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10-Minute Tortellini

Posted By Jenny On March 9, 2011 @ 7:45 am In Pasta,Pork and Beef,Vegetarian | 9 Comments

Since I think I’ve received a personal (practically perfumed) note from just about every DALS reader telling me how much you love Andy’s pork ragu [1], I assume you might be interested in some suggestions for how to stretch it out into two meals. Yes, this means that you’ll have to restrain yourself from eating the entire batch on Night One, but if you have the promise of enjoying it a second time around with a minimal amount of revival effort on a weeknight…wouldn’t that make it just a little easier to get through the week? You could do what my friend Todd suggests — dump your thawed ragu in a pie dish, cover with mashed potatoes, and bake (covered with foil) for…hmmm….20 minutes at 350° for a quick shepherd’s pie. Or you could do what I did last week: Make tortellini. I don’t think of tortellini as a vehicle for leftovers as often as I should.  Wonton wrappers make it so easy! And if you don’t have leftover ragu — or if you have kids who might turn their noses up at ragu tortellini — then you can always do a straight ricotta and top it with tomato sauce like the one I used for Chicken Parm [2] the other day.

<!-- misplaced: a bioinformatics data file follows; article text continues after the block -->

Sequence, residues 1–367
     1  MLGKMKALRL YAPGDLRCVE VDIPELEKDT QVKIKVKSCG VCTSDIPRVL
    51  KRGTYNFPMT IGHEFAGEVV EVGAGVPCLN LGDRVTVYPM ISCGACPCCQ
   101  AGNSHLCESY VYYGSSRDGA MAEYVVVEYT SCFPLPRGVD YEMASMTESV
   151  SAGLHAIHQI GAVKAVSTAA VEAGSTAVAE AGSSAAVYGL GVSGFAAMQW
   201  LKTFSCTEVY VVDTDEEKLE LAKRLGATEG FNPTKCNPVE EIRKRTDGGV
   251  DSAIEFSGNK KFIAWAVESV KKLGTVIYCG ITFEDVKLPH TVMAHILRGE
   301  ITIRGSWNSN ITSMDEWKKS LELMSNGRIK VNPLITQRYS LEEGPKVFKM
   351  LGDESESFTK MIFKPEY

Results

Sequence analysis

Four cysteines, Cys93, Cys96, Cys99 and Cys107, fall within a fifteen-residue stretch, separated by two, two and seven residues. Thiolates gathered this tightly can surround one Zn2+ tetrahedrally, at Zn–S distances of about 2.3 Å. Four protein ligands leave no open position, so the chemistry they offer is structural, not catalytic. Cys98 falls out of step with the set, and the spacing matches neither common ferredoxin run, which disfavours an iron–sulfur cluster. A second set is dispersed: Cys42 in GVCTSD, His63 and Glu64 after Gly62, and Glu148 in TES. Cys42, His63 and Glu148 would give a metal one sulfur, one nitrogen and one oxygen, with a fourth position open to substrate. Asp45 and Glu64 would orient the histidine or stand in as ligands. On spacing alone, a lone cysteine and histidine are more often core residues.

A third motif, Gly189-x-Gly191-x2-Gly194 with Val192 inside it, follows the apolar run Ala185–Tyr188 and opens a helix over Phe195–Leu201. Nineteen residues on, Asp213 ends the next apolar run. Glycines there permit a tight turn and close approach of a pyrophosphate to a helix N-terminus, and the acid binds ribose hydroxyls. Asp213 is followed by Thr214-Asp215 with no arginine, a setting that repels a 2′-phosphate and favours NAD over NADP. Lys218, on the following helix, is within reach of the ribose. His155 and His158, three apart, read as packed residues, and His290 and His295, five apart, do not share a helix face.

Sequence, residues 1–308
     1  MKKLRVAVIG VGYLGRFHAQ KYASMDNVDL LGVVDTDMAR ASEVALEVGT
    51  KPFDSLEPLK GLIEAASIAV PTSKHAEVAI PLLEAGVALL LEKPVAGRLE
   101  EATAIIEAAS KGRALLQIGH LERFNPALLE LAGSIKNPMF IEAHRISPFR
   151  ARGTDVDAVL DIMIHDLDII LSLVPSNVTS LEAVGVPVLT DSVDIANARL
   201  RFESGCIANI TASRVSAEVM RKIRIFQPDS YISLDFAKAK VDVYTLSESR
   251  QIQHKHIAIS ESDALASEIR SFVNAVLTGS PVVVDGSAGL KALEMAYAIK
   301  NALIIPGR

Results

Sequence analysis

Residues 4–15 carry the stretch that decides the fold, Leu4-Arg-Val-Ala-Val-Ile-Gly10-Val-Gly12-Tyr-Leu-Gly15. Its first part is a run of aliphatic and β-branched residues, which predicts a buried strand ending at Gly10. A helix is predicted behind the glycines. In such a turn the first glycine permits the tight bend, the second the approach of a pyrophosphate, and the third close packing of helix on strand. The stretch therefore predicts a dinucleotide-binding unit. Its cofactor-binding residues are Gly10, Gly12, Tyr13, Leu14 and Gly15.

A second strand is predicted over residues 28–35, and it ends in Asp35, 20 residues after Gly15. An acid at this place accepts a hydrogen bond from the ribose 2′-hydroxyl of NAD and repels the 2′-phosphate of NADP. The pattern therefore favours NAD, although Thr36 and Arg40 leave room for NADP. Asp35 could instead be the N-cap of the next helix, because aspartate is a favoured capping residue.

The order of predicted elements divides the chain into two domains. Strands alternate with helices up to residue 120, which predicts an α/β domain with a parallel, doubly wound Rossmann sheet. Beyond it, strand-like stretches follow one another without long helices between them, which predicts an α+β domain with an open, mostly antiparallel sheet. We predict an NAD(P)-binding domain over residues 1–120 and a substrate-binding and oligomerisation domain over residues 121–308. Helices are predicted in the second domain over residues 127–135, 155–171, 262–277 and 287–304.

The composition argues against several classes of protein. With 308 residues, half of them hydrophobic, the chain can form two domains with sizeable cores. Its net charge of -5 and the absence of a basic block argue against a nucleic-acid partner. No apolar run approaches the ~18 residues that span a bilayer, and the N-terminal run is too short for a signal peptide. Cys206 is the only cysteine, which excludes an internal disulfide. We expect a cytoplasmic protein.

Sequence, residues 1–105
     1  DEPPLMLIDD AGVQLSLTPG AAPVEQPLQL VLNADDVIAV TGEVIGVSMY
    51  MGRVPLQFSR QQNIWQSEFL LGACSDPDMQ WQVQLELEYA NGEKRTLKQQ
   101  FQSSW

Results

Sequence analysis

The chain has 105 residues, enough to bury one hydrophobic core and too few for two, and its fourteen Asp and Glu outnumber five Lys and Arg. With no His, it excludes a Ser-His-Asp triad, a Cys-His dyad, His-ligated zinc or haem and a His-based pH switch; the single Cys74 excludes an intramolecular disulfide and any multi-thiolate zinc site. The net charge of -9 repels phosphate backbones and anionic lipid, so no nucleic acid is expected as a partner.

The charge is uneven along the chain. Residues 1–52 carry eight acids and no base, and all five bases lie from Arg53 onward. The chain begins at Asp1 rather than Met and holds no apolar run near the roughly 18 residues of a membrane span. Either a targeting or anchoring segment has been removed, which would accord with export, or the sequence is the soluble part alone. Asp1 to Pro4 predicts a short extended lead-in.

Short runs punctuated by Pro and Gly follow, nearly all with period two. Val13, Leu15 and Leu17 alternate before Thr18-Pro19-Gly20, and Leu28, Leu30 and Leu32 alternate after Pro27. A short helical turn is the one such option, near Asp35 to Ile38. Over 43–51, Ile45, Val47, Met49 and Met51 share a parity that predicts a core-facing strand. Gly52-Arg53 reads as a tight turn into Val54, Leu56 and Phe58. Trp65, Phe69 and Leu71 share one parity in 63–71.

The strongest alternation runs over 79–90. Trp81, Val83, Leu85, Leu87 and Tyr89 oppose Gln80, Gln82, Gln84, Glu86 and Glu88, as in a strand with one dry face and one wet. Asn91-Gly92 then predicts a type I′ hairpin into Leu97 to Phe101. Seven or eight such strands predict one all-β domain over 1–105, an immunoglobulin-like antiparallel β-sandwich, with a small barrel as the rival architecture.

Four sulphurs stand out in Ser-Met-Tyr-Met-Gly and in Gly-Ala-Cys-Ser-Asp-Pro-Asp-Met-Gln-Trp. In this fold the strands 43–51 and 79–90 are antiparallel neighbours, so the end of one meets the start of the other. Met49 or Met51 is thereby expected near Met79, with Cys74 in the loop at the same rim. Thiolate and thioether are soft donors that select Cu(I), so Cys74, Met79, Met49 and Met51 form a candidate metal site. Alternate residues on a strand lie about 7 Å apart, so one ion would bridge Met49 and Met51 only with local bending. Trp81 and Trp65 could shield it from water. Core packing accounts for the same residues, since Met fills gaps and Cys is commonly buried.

10-Minute Tortellini

Since you’ve been storing it in the freezer in a flattened ziploc (right?) first you thaw your frozen ragu [1] under running water (since you’ve stored it in a flattened ziploc this should only take about 30 seconds). Stir your leftovers with a few dollops of fresh ricotta and freshly grated Parmesan in a small bowl. (You don’t want it to be very liquidy, so scooping ragu out of the ziploc with a slotted spoon might help.) If you are making ricotta ravioli, mix up another bowl with ricotta, Parmesan, and a few pinches of chopped spinach. Measurements are basically to taste.

Place a teaspoon of either mixture on top of a single wonton noodle. Fold into a triangle (you’ll need to paint the inside edges with a fingertip dipped in water to seal) and join bottom two corners to form tortellini shapes shown above. Repeat as many times as necessary. (I generally plan for 8 to 10 per grown-up, and 6 per kid.) For the ragu tortellini, you don’t need to do much else after you’ve boiled them for three minutes (your sauce is basically inside the pasta) so just swirl around in garlic and olive oil in the same pot they boiled in. But do this last step gently, wonton noodles are not as sturdy as traditional pasta. Serve ricotta tortellini with the sauce written up here [2].


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[1] pork ragu: http://www.dinneralovestory.com/instant-dinner-party/

[2] Chicken Parm: http://www.dinneralovestory.com/the-no-fight-zone/

[3] : http://www.linkwithin.com/


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